World heavyweight champion Anthony Joshua declared he was willing to give Wladimir Klitschko a rematch after his 11th-round win on Saturday, but the Ukrainian wouldn’t confirm he would box again.
The Briton successfully defended his International Boxing Federation (IBF) world heavyweight title for the third time and claimed the vacant World Boxing Association (WBA) belt against the former champion after an epic battle was settled by Joshua’s 19th consecutive stoppage.
In a wildly exciting fight, which swung one way and then the other, Joshua sealed victory during a thunderous 11th round.
“I don’t mind fighting him again, if he wants the rematch,” Joshua said at a press conference after the fight in front of 90,00 fans at Wembley Stadium.
“Big respect to Wladimir for challenging the young lions of the division.
“It’s up to him, I don’t mind. As long as Rob (McCracken, Joshua’s trainer) thinks it’s good I’m good to go.”
* From AFP
Anthony Joshua and Wladimir Klitschko go head to head in front of 90,000 fans at Wembley Stadium tonight in what is the biggest heavyweight fight in years.
The clash pits Joshua, the division’s emerging force, against Klitschko, the cerebral veteran who ruled the division for more than a decade until a shock defeat to Tyson Fury in November 2015.
Here we look at the possible strategies the two men might employ.
AJ LOOKS TO SEEK AND DESTROY
In his flawless 18-fight, 18 knockout, winning streak, Joshua has been consistently aggressive and consistently successful – and he always starts fast. He’s an imposing figure, punches hard and fast with both hands, and rarely takes a backward step.
Joshua wants to command the centre of the ring, fire out his fast and powerful orthodox left jab, almost always looking to follow with the straight right. When it’s all going his way, the one-two will become a three with a left hook added for good measure, or he’ll start mixing it up with powerful right hand potshots or even the occasional lead uppercut.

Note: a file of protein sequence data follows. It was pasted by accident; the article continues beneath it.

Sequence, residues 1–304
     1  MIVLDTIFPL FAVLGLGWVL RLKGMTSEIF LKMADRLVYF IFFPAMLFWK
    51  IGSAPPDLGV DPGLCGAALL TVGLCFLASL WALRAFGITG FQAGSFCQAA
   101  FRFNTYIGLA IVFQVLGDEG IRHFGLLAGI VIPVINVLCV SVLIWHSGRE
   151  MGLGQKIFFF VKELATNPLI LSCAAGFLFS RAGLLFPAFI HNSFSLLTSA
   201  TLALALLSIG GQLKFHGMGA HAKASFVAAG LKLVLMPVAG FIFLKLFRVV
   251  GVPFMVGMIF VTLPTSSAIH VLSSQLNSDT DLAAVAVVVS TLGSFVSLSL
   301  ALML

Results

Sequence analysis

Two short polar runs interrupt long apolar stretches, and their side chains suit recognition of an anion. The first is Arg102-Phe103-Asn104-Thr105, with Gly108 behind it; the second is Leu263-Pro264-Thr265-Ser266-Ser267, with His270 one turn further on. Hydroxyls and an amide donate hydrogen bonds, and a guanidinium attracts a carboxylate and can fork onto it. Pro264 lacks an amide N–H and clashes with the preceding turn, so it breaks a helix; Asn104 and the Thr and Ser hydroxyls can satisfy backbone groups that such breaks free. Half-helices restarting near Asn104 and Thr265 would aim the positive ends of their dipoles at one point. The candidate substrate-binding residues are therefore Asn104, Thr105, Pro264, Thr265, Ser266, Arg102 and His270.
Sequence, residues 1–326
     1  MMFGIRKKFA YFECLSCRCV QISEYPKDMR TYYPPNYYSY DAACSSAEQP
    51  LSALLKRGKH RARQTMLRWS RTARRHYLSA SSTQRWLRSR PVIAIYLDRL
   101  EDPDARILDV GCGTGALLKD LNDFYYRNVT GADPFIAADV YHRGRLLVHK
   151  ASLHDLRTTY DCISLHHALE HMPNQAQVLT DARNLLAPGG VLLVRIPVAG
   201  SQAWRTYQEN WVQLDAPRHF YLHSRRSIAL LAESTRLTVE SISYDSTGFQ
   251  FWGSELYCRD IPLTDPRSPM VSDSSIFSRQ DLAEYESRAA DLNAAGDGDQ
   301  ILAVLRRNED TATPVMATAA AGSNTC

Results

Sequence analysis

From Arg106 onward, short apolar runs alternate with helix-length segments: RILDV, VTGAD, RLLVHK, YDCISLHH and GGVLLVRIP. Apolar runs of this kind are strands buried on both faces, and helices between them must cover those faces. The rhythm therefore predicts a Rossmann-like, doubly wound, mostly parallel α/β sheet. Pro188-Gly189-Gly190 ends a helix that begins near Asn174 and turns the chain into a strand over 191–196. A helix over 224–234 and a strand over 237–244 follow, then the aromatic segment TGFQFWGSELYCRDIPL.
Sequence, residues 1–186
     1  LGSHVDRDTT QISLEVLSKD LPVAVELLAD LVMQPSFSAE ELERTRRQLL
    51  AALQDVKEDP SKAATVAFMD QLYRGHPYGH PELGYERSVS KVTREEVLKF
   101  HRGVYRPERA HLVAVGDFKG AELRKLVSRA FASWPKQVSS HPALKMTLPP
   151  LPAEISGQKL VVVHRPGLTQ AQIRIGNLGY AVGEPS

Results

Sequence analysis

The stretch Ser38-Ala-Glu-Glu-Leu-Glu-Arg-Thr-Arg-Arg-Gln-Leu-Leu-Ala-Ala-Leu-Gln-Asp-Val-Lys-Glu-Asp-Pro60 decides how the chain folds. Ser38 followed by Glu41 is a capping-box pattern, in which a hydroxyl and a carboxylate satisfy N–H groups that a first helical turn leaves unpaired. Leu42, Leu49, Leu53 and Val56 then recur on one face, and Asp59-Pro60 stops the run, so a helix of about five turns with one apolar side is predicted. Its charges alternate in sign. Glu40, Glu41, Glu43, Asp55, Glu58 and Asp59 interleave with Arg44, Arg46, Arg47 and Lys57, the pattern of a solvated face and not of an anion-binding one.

Ultimately, AJ wants his opponent against the ropes, and that’s where he unloads his full arsenal, ripping to body and head and always looking to finish the job as soon as he smells blood. Joshua has promised to “go for the KO” and to “unleash hell”.
If he remains true to his word then expect the tried and tested – the type of brutal offence that has got him this far.
FURIOUS JOSHUA LEARNS LESSON FROM TYSON
If the book is out on how to beat this version of Klitschko, then Fury scribed it in Dusseldorf. Joshua’s fellow Brit executed a masterful gameplan, feinting incessantly and shifting from side to side to keep Klitschko off balance and unable to set his feet. Combined with Fury’s size and reach, it meant the champion barely laid a glove on him.
Rumours abound that AJ could borrow from this plan, tempering his aggression and looking to box Klitschko in the early rounds. Joshua appears a more rounded technician with every fight and, particularly in flattening Charles Martin, has shown he has those fast-twitch counters.
It’s perhaps logical that we’ll see a more circumspect AJ in the early going, but it would be a major shock if he persisted with a more measured approach.
KLITSCHKO TAKES CENTRE STAGE
After crushing defeats to Corrie Sanders and Lamon Brewster, Klitschko completely rebuilt his style under the late, great Manny Steward. The legendary Kronk trainer borrowed aspects of the blueprint that had proven so successful with Lennox Lewis and constructed a formula based around Klitschko’s formidable jab.
The Ukrainian’s left lead is a heavy punch, and usually stays in an opponent’s face as a deterrent.
Yes, when he misses he looks to clinch. And, yes, when his foe slips it then his first instinct is to spoil and then grab. But when he gets into a rhythm with the jab, follows up with the right hand or hooks off of the lead, then Klitschko can be a heavyweight’s worst nightmare. Just ask David Haye.